“You’ve got to be willing to do anything you ask anyone else to do,” Love says. “Many times, it was seven days a week. You did what was required, be it overnight trips or flying to Asia. I figured if the president could do it, and he’s 20 years older than me, I should be able to do it too.”
Love takes these lessons with him as he travels the country, working now at a company that owns businesses that manage in excess of $12 billion in capital in the energy, telecom/logistics and financial sectors.
Strong leadership and a vision for change are key attributes for those who head the sprawling federal bureaucracies headquartered in Washington. In the wake of the GSA retreat scandal, then-acting administrator Tangherlini first had his staff conduct a top-to-bottom review of the department and its reason for being, which had been memorialized in a mission statement that was broad but lacking in specifics.
Under Tangherlini, this mission was refined to delivering “the best value in real estate, technology and acquisition” within the federal government, including its biggest customer, the Department of Defense.[pullquote align=”right”]If you are going to testify four times before an oversight committee, do it in the first two weeks on the job.
“We operate in a world when the agencies get to choose us; it’s G-to-G—government to government,” he says of GSA’s role as a massive service and equipment supplier. “It’s a choice they make, and we have to be thoughtful in delivering quality services, efficiently.”
Tangherlini also set the tone during renovations of the historic U.S. Department Interior building, constructed in 1915, which has been the GSA’s headquarters for decades. It’s one of the classic Washington federal buildings, with a limestone façade and a soaring entrance foyer with marble walls and floors. Tangherlini brought the walls down, literally, and his team eliminated scores of individual offices—including his own. The administrator’s long-time office—paneled in dark walnut with a large fireplace—was emptied and made into a meeting space. About 80 percent of the work stations in the building now are unassigned, with workers registering for their desks and toting along their laptops with IP phone connections. Tangherlini sits out in the bullpen in a room with 49 others. The space that once held 1,000 people now serves 2,000 GSA employees, and the remodel allowed the agency to consolidate workers from leased offices in D.C. and save taxpayers millions of dollars a year.
“We literally, as well as figuratively, pulled down the barriers of the organizational chart, to foster communication and improve the efficiency of how we work,” Tangherlini says. “By having everyone share a common space, we demonstrate our view that we are all in it together. It creates opportunities for interaction. We bump into each other. And I don’t have three people out front, keeping people from seeing me.”
Serving as a political appointee at the highest levels of government, which Tangherlini has done, affords the opportunity to have significant impact on the public realm. These positions also lack job security; if the official who appointed you loses an election, your job can vanish. But there’s the flipside: Candidates win, too, and opportunities appear.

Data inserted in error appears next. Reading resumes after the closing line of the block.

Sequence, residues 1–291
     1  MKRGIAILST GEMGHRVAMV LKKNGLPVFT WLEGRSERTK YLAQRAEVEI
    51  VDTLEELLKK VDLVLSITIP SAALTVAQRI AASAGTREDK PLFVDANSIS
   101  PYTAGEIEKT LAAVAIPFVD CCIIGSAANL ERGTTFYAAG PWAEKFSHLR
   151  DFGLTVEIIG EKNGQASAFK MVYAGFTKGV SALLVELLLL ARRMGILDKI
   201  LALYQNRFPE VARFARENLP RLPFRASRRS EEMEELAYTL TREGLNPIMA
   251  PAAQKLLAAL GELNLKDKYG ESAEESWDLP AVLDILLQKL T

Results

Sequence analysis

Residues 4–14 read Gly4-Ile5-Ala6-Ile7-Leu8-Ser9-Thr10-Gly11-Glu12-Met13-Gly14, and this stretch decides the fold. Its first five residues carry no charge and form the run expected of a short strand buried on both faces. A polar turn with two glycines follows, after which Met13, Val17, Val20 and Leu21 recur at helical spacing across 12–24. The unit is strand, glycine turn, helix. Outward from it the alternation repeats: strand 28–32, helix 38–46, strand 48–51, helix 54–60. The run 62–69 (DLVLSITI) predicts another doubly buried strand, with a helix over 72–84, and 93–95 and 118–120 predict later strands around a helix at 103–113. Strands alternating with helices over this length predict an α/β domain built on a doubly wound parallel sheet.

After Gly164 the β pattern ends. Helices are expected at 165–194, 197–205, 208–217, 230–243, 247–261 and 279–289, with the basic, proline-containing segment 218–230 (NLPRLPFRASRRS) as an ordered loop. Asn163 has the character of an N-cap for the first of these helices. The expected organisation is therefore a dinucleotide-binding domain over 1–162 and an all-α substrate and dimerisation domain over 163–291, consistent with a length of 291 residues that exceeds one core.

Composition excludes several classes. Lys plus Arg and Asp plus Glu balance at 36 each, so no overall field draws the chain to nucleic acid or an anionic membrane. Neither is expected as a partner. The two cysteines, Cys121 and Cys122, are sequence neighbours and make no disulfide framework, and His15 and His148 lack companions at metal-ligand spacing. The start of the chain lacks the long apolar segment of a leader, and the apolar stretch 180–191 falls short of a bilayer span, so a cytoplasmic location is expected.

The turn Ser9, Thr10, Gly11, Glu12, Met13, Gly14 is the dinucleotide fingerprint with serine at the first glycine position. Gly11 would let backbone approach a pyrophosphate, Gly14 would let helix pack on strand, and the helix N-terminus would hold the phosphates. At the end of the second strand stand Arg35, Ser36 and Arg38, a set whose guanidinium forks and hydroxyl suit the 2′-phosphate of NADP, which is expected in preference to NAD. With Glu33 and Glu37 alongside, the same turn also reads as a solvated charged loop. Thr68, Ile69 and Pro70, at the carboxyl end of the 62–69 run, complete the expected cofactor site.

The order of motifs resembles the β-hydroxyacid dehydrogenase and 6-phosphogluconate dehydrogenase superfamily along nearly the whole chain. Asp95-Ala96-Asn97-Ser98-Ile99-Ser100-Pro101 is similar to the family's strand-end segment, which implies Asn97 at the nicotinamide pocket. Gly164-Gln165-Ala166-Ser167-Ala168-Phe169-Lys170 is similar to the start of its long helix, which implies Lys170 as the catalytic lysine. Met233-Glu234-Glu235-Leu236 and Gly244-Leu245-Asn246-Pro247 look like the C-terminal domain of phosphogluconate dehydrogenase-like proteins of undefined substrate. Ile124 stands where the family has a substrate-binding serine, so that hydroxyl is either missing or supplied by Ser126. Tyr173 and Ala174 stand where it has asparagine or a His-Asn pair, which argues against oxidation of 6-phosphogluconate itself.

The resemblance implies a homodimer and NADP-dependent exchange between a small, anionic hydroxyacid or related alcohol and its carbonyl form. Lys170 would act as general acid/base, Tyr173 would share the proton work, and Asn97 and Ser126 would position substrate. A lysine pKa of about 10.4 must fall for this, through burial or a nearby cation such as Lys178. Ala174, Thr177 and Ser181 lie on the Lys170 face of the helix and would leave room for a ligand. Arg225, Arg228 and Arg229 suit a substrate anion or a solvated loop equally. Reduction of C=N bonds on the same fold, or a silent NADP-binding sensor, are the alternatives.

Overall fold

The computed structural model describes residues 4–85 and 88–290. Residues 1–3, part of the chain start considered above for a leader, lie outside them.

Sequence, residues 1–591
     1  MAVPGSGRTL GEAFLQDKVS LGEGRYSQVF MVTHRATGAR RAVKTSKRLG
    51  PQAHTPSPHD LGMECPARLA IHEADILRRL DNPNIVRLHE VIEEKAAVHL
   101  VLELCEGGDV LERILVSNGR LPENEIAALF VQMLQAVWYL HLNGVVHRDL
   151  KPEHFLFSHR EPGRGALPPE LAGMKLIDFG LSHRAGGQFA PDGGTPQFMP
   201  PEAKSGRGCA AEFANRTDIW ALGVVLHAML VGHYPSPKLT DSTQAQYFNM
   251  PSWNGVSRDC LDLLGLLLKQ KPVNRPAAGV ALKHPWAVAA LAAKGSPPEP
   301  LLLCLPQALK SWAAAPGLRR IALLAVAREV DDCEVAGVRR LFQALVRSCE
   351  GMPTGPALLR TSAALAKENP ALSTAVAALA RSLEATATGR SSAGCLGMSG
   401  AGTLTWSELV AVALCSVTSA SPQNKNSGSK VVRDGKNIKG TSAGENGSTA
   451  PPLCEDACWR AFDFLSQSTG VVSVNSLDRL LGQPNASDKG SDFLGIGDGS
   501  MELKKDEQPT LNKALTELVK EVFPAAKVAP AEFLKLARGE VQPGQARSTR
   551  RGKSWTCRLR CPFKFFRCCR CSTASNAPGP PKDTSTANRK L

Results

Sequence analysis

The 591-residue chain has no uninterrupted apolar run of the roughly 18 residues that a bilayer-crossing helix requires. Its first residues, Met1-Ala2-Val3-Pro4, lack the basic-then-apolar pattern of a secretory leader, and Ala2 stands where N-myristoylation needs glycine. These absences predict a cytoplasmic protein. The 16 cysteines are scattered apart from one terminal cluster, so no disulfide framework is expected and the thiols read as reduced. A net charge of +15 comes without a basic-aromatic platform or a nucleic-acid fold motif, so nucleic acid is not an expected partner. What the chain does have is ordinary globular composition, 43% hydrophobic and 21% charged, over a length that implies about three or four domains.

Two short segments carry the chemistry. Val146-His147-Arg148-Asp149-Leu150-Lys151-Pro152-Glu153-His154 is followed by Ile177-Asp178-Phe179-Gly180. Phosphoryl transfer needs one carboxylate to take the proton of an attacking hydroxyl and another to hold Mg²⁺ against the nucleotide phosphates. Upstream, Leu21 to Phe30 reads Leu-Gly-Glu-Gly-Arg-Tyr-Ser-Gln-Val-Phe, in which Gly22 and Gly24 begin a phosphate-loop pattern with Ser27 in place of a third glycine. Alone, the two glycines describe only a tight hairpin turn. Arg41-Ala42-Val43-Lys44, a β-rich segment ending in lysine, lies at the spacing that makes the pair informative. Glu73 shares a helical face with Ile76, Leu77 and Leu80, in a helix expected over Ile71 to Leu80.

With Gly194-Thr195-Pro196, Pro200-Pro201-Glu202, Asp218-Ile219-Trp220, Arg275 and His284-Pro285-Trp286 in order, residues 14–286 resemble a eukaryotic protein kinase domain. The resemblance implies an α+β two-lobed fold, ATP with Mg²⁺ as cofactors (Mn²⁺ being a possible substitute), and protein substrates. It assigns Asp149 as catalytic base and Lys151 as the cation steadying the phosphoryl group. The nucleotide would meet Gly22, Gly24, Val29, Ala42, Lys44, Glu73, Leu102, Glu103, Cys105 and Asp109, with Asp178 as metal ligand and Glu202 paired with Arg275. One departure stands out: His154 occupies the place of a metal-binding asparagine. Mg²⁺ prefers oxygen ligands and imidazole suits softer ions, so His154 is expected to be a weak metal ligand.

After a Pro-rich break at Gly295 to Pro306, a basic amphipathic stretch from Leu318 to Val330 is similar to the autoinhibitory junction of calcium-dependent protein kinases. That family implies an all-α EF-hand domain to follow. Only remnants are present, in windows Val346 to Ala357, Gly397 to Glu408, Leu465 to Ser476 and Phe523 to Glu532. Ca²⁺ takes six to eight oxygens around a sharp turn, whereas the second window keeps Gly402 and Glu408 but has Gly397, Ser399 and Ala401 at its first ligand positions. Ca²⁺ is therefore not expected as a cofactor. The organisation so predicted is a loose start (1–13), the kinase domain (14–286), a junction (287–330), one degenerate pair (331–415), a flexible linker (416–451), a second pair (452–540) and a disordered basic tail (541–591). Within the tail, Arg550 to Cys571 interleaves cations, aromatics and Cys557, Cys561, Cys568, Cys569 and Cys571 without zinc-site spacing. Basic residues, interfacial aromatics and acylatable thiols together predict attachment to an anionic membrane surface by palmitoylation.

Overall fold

When Tangherlini joined the Obama administration’s Treasury Department in 2009, he recruited colleagues from the District of Columbia government. They included Kershbaum, who at the time was deputy chief procurement officer and had previously worked in his office to set up the District’s CapStat accountability program.
Kershbaum had turned to public service in 1998 after spending four years in the for-profit and nonprofit private sector. She began as a senior business analyst in Fannie Mae’s single-family mortgage arm, then spent four years in Philadelphia City Hall’s budget department before returning to D.C. as chief of staff of Fannie Mae’s community lending division. Next, she joined the D.C. government, serving under Tangherlini in the city administrator’s office. That’s when federal government beckoned.
After a few years working under Tangherlini at the Department of Treasury as a civil servant, Kershbaum was then approached for a new role that was a White House appointment within the agency. The interview was to be conducted with the head of the Presidential Personnel Office, McBride.
“I saw the person’s name, but it didn’t occur to me that I knew him,” recalls Kershbaum. “I walked in, and it was the Jon McBride I knew from Wharton. The selection experience was completely daunting, so seeing a familiar face was fantastic.”
At Treasury, Kershbaum helps oversee an agency with a $14 billion budget and nearly 100,000 employees that includes the IRS, the U.S. Mint and the Office of Economic Policy. She’s often among the upper-level managers who attend Treasury Secretary Jack Lew’s 9:30 a.m. daily meeting for updates on international financial affairs, domestic policy, legislative affairs, the latest economic data and the agency’s internal operation.
The budget sequester in 2013 demanded Kershbaum’s budgeting skills; her agency faced an across-the-board 5 percent reduction in funding. Some agencies furloughed employees or used other one-time fixes to make their cuts. Treasury used the cuts as an opportunity to restructure and spend at a lower level. Positions weren’t filled, two bureaus were merged, subscriptions and other non-critical contracts were cut, and leased office space was reduced by 1 million square feet.